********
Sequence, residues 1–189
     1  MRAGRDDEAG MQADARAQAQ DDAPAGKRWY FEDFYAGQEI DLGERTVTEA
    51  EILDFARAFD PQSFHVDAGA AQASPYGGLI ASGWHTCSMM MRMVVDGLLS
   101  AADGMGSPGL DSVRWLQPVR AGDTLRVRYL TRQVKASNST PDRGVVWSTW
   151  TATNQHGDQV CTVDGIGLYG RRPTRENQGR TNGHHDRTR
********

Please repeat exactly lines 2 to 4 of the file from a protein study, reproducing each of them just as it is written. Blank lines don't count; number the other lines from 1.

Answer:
     1  MRAGRDDEAG MQADARAQAQ DDAPAGKRWY FEDFYAGQEI DLGERTVTEA
    51  EILDFARAFD PQSFHVDAGA AQASPYGGLI ASGWHTCSMM MRMVVDGLLS
   101  AADGMGSPGL DSVRWLQPVR AGDTLRVRYL TRQVKASNST PDRGVVWSTW